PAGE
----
Full of Christmas? I hope so.
Counting down the Top 10 LifeNotes of 2008, we're at #7, which made the list from the month of May.
Here's "My Mountain Spring." In my opinion it's one of the most explanatory and helpful ones of the year. I hope it helps you.
Merry day after Christmas!
At our home church and in some of my Face To Face groups, we’ve been talking about prayer.
When I say, “Let’s talk about prayer.” the faces of most either remain glued in place to hide what’s going on inside, droop with a sort of “Won’t this be fun” look, or their faces slightly flinch and turn away. I wonder if they would look any different if instead I said, “Let’s talk about tooth decay.”
Most of us have a fairly long history with prayer. Somewhere back in the early years of our Christian life, we learned about it. In fact, for many, prayer education was like getting old enough to learn math or Spanish or history. The teacher, passionate and faithful to his craft, told us how indispensable the subject was—Pay attention! You’ll need this. To varying degrees, we were interested at least for a while, but when we found something more interesting or fun or beneficial, off we went in pursuit, leaving our recent education parked on the shelf in favor of something more useful or invigorating.
I don’t have much use for geometry these days, I use Spanish only to increase my chances of getting what I order at local Mexican restaurants, and I don’t really care about who rounded the Cape first, Sir Francis Drake, Jacob Le Maire, or Al Gore. None of it gives me much of a thrill or lights my passion. I had to learn, but given the choice, I’d rather watch a good movie, go fly-fishing, or eat a really great burrito. See what I mean? I learned so I could do or get something else—free time and food.
For a lot of us, that’s what prayer was—something we learned to do in order to get something else. That something else might have included a better day, a better job, a better outcome, a better future, or a better wife, but in any case, praying wasn’t the thing, getting something because of it was the thing. (By the way, lots of us have virtually stopped praying because we’ve found prayer doesn’t often give us the something else we wanted. Prayer has become more about disappointment than fulfillment, so how many of us who have been around awhile really want to do it?) How many of us ever gathered a group together and said excitedly, “Hey, everyone! Let’s spend the next couple of hours in prayer!”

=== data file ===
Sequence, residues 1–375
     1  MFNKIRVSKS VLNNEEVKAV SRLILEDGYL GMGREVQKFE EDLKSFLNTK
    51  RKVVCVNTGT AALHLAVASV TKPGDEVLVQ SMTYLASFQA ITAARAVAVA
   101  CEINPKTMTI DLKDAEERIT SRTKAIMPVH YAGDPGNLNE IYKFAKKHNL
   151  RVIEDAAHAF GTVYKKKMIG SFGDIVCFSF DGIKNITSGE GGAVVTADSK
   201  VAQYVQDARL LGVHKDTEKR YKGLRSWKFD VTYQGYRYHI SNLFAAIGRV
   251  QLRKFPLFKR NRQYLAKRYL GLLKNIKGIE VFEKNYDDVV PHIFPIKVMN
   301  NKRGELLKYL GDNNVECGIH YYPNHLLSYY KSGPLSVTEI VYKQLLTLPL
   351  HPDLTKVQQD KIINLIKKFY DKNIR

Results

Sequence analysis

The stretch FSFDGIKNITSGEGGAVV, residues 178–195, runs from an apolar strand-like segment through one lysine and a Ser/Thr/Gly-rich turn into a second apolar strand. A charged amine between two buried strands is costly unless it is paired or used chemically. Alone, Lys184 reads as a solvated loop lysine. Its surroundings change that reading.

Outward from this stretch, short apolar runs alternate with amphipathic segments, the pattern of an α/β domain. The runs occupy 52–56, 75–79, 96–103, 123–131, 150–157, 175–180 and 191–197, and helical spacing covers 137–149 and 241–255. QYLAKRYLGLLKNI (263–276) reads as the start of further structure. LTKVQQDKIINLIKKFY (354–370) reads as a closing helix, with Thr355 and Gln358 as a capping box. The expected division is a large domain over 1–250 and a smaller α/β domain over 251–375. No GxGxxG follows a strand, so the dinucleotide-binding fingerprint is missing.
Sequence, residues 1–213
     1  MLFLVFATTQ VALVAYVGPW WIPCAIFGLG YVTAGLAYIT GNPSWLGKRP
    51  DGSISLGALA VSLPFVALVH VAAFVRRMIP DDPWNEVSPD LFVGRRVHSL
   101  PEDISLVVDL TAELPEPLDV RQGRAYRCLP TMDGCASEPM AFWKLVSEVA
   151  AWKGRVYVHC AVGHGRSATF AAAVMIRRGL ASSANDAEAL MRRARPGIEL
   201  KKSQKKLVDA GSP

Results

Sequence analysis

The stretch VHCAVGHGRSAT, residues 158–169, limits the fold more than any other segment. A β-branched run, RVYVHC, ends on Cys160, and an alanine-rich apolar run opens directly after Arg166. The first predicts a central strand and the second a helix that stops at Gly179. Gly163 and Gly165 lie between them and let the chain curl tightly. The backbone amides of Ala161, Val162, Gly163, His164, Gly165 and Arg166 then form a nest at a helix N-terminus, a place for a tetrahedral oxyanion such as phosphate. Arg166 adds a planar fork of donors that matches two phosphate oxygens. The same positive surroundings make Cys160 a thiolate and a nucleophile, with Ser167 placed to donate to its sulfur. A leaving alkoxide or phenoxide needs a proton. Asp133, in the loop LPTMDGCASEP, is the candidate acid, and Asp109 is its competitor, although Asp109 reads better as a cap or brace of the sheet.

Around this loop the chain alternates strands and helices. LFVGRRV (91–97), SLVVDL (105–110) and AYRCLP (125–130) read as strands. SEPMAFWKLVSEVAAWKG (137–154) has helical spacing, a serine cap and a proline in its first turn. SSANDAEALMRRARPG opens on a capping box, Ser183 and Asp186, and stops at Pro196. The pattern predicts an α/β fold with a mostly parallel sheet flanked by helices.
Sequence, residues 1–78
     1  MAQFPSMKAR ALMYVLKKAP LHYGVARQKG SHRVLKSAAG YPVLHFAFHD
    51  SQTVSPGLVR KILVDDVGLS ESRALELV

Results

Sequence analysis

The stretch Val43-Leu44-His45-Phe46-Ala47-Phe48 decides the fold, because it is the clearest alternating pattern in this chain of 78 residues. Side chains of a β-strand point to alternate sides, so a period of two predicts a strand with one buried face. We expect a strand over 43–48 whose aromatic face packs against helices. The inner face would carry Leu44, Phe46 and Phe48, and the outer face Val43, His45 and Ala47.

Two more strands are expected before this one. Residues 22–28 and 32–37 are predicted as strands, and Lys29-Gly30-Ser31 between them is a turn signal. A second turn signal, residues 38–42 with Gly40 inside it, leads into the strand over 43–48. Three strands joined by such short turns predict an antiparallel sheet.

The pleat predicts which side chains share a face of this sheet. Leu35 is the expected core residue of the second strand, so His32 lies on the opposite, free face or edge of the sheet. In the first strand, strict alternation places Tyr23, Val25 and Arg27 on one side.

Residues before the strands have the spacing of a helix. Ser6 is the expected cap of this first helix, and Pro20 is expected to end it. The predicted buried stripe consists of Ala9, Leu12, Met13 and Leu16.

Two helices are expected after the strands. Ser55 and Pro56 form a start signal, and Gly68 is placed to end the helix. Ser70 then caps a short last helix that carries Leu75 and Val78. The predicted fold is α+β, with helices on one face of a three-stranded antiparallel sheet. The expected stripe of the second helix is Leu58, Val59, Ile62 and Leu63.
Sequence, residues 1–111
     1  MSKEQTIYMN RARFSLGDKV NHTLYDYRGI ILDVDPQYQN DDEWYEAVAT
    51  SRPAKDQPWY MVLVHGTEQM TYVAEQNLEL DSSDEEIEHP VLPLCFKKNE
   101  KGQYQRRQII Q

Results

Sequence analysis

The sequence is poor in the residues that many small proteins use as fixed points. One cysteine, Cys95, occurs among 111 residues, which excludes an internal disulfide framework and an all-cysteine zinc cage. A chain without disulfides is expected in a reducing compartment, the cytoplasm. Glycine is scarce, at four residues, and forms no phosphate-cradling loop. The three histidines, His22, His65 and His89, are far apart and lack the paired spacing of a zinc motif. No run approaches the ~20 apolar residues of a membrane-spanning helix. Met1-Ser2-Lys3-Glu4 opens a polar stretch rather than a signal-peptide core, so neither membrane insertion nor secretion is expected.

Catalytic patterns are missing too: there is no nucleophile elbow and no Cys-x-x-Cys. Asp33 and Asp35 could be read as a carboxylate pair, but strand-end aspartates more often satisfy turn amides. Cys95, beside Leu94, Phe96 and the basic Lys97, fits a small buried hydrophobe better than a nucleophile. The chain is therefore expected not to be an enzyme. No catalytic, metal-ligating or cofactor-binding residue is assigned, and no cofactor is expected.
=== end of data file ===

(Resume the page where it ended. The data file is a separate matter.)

Oops. I have.
Before I learned how to strategize my life by praying the right way, I got to know God in prayer. I found that God was like my own personal fountain of youth—Ponce de Leon was on the right track, he just looked in the wrong place. God showed Himself to be like a spring of water that I could visit anytime simply by taking a few steps away from the dry flatlands of the visible and temporary world, toward the rich and satisfying peaks of the invisible and eternal. My best expression before prayer was, “I simply want to be with you!” In other words, “I thirst.”
If God is, in fact, like a spring of life, a fountain of revival, then all I have to offer Him is my thirst. That I can do. The best way to glorify my Mountain Spring is to get to it as often as possible and to drink to the full, to drink to satisfaction. It would be foolish to drag water from the flatlands up to the spring, there to pour it in, hoping to make something more of it, hoping to make it go somewhere else or look different. Or maybe we could get a bucket brigade going to make a really impressive watering hole, set up some floodlights to illuminate it, and add-on some related attractions to get people up the hill.
Prayer is offering to God my thirst for Him. The way to please the Mountain Spring, the way to please God is to come to Him to get and not to give, to drink and not to water. Every time I approach the Spring it is because I have found its’ water to be everything I need—that’s how God is glorified by me. I believe He is who He says He is, and my efforts related to wanting Him and finding Him is how the spring of living water now in me issues forth as His display through me. He has planned for that.
So, whatever it is that makes me thirsty—frustration, chaos, futility, lust, covetousness, hopelessness, envy, weakness, arrogance, pride, anger, unbelief, or gas prices—I want to be quicker and quicker to head for water. And since He now lives in me, since the Spring is so close, I can silently turn my thoughts toward Him in the confident hope that satisfaction and water await. Anything(!) that surfaces my need is the avenue toward the Spring. My satisfaction and His glory through meeting the need are the result. You and I are set up for this.
So if prayer is about drinking, have one on me.